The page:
Delivery of services to vulnerable Fifers is under review as more cases of coronavirus are diagnosed across the UK.
Fife Council chief executive Steve Grimmond said there was a “real anticipation” of quick change in the coming days, just before First Minister Nicola Sturgeon announced a shift to the delay phase of the country’s response.
An incident management team is leading assessment of how the local authority continues to provide services such as meals-on-wheels and care for elderly amid the pandemic.
As a third case of coronavirus was diagnosed in Fife, Mr Grimmond also said there could be significant financial implications for the council.
Outlining contingency planning at Fife Council’s meeting on Thursday, he said: “The council has already instigated its incident management team to ensure our own preparation for organisational response and to put in place appropriate resilience and business continuity arrangements in response to what is a fast developing situation.”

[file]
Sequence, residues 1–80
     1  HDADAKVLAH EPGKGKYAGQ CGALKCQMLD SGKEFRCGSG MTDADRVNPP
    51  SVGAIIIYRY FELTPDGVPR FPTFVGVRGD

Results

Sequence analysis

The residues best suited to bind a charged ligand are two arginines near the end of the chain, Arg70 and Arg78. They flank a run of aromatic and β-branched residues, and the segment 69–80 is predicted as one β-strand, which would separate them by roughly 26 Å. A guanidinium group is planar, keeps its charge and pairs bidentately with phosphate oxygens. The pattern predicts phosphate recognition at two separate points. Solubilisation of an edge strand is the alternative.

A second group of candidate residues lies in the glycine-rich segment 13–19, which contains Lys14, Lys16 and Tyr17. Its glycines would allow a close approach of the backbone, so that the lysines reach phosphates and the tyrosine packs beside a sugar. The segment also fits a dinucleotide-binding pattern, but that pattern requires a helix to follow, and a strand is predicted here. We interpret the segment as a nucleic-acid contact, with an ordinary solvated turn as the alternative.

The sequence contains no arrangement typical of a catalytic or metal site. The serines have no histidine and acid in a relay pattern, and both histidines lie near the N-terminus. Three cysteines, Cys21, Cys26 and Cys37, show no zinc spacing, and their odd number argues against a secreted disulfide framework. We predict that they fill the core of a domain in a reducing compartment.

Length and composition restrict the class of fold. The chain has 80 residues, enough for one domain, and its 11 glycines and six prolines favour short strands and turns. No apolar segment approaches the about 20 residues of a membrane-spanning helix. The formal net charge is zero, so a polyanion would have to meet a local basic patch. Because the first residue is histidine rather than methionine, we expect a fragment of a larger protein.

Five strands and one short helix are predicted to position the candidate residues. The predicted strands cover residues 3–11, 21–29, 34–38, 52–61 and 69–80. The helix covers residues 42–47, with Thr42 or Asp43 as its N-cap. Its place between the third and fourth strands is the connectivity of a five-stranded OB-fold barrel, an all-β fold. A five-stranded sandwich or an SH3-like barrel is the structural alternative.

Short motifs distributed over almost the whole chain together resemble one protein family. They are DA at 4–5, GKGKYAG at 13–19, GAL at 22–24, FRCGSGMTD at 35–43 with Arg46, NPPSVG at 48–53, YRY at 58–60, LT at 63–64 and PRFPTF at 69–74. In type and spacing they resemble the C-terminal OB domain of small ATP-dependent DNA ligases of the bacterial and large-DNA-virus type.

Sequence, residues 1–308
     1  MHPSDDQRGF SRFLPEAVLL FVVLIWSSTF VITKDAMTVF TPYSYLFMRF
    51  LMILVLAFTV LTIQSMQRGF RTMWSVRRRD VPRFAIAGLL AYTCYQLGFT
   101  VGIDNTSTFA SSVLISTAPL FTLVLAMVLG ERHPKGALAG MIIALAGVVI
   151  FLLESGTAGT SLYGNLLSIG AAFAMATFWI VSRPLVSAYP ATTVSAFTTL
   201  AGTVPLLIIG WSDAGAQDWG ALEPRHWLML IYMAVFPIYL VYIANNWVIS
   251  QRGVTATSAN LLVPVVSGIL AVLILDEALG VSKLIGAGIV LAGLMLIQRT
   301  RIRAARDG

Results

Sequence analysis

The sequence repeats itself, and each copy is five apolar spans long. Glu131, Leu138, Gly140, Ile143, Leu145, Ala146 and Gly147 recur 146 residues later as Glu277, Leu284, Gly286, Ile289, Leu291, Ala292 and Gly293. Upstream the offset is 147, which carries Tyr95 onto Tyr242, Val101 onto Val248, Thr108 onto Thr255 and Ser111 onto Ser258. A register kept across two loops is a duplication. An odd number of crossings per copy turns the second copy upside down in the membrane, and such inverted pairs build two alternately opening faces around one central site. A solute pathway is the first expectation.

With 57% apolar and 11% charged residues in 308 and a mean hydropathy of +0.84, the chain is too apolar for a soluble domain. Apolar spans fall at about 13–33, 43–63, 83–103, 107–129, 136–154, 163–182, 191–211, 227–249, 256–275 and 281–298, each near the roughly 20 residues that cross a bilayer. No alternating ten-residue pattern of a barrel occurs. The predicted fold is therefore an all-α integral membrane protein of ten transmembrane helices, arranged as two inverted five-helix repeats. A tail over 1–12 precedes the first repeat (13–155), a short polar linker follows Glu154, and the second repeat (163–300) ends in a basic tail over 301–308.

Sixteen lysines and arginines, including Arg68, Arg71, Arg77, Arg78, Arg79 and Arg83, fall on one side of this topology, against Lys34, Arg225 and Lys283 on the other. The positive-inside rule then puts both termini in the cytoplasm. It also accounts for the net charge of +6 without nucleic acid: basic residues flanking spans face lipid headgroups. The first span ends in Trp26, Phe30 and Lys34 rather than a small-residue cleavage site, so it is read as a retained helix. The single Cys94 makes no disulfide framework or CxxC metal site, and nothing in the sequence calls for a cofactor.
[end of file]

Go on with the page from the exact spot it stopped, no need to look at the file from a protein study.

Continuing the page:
Referring to delivery of meals, social work services and care home provision, he said: “Each of these services through the incident management team are currently reviewing their existing business continuity arrangements in the event of a significant impact.
“There are plans in place in relation to business continuity which would recognise the need to continue essential services while there might be a significant impact on the very staff who are providing those services.
“They are in train, that’s not to say it’s going to be easy, depending on how this develops.
“At this point in time there’s no significant impact, but that’s not to say that won’t change quite rapidly.
“There might well be significant financial implications for the council in relation to the delivery of those services, depending on the nature of the development of coronavirus.”
Mr Grimmond also said that staging of events and meetings would also require to be considered in the move to delay phase.
Community and housing services convener Judy Hamilton warned that many people, including those on zero hours contracts, the self-employed and those having trouble with benefits, could be plunged into extreme hardship.
Mr Grimmond said the council was alive to the potential for hardship and that the fund announced in the government’s budget recognised that significant hardship was emerging as a consequence of the virus’ spread.
He said: “We are pursuing clarification of how that might be available and whether or not it will be available to support work local authorities do in that area, particularly through the welfare fund.”